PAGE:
Abstract: For the past 12 weeks, two types of dividend stocks tracked by Thomson Reuters are beating the market. One of these includes companies that pay out relatively low dividends but that fundamental analysis suggests have appealing characteristics, including higher forecast growth compared to the S&P 500.
In the closing months of 2012, talk of the prospect of having to pay higher tax rates on their investments and specifically on any dividend income they earn scared some investors into selling some of the higher-yielding stocks that were subject to taxation. In that kind of environment, it was tough to remember that total return - stock price change plus dividend yield - matters. Studies published by Credit Suisse, for instance, have shown that dividend-paying stocks with yields and payout ratios that are lower than the average have outperformed the S&P 500 index since 1990.
Why is that the case? Paying a dividend means management is confident enough in the company's ability to generate future profits to return some of the current gains to shareholders, while paying out less than half of those current profits means that a hefty proportion can still be invested in the business to produce growth. Investors may find such companies appealing in an environment characterized by rising tax rates, especially since they can use screening tools such as StarMine models to winnow out those companies whose fundamental characteristics suggest that there is more downside risk than average.
Late last year, in the midst of this tax-related anxiety, we undertook just such a study, using StarMine models to identify dividend-paying companies that may be more appealing as tax rates climb. The 151 companies that made the cut when we compiled this list last December today generate a dividend yield of 0.8% (below the current average yield on S&P 500 stocks as a whole of about 1.9%). This list of low yield and low payout stocks has produced a total return of 11.8% since we introduced the latest list in mid-December 2012, compared to 8.3% for the S&P 500. As the chart below shows, the outperformance has increased as the market has rallied.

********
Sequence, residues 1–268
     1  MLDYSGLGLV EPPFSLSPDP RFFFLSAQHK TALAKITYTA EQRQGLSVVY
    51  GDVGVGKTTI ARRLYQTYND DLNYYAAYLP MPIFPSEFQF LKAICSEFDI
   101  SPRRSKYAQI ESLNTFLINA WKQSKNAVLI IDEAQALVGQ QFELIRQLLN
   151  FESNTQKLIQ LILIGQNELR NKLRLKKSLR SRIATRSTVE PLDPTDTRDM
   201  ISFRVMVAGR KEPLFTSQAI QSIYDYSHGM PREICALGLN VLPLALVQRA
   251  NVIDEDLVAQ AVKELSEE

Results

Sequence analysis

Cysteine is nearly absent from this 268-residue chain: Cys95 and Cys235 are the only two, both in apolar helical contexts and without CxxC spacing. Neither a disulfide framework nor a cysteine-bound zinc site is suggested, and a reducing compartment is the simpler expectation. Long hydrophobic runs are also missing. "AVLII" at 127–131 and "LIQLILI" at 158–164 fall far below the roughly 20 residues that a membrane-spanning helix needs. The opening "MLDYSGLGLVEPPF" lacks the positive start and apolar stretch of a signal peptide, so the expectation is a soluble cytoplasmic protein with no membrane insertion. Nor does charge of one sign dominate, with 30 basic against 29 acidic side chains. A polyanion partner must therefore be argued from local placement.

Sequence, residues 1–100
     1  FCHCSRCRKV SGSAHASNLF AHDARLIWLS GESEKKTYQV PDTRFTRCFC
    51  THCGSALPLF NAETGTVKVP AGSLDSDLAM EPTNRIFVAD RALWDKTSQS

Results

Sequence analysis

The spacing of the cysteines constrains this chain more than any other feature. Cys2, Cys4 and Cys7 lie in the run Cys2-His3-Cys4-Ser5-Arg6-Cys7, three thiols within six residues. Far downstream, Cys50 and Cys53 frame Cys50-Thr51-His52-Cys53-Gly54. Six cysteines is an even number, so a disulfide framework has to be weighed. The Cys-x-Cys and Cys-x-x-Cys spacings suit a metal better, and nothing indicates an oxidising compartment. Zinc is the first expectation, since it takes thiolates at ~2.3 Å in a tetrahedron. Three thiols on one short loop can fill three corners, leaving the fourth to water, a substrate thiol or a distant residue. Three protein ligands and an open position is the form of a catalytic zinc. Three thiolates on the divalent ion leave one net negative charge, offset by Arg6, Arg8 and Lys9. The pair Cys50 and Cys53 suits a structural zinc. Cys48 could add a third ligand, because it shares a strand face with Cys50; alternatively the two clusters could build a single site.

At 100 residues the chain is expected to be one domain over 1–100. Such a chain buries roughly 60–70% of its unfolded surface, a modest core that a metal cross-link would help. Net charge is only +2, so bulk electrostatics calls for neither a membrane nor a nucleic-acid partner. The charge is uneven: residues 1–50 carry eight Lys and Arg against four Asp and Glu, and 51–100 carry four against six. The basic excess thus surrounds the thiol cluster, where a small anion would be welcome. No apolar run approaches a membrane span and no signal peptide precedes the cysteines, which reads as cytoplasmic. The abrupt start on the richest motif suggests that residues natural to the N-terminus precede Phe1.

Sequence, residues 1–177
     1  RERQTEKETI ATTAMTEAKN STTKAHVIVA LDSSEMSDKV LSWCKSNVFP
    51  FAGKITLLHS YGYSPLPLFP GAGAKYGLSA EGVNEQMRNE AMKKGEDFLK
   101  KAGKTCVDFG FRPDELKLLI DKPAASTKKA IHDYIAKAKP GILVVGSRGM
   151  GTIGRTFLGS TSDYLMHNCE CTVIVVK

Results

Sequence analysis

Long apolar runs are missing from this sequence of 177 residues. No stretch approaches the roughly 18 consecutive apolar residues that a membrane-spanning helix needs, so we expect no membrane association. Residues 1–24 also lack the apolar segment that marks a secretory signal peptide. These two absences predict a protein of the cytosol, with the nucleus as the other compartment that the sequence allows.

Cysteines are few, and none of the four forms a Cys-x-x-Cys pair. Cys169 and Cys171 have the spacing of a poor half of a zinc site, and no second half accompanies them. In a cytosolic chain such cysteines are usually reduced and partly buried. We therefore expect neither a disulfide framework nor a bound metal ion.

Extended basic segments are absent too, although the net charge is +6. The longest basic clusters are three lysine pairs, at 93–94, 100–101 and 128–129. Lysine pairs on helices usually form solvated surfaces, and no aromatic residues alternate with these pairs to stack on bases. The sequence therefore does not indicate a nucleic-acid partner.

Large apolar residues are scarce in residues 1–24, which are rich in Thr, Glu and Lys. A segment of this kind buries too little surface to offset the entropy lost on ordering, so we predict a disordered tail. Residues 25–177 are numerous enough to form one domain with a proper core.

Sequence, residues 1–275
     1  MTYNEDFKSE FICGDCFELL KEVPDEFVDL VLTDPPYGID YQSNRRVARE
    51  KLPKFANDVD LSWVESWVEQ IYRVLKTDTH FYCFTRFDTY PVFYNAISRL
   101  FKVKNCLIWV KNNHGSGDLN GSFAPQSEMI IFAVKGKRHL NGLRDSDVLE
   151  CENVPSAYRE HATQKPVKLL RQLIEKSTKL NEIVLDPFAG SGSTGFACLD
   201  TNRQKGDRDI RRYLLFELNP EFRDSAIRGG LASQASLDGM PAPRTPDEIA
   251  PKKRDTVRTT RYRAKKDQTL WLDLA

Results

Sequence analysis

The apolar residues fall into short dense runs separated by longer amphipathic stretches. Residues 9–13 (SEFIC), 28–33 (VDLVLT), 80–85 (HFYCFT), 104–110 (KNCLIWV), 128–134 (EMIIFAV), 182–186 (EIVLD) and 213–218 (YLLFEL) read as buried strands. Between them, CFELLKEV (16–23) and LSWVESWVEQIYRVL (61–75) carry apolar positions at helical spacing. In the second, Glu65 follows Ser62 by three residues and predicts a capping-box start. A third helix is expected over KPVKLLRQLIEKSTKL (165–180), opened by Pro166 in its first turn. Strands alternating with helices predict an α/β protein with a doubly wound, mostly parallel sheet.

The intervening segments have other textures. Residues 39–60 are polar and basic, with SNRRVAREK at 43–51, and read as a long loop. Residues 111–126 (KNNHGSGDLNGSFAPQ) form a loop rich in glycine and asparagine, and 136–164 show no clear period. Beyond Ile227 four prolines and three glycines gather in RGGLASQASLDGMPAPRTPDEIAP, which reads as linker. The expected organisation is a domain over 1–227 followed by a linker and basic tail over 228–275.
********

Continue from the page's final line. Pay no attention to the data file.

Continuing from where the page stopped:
The list of low dividend and low payout stocks has three other significant characteristics:
- Higher forecast growth: the StarMine Smart Estimate projects that this group will see earnings growth of 13.1% over the next 12 months, compared to 9% for earnings for S&P 500 companies as a group.
- Lower valuations: the low-yield, low-payout group of companies trades at about 12.7 times their earnings for the coming 12-month period, compared to 13 times for the broader market.
- Diversification: These companies represent a larger pool of available companies than those offering higher yields and low payout ratios.
Three Stronger (and Lesser Known) StarMine Model Names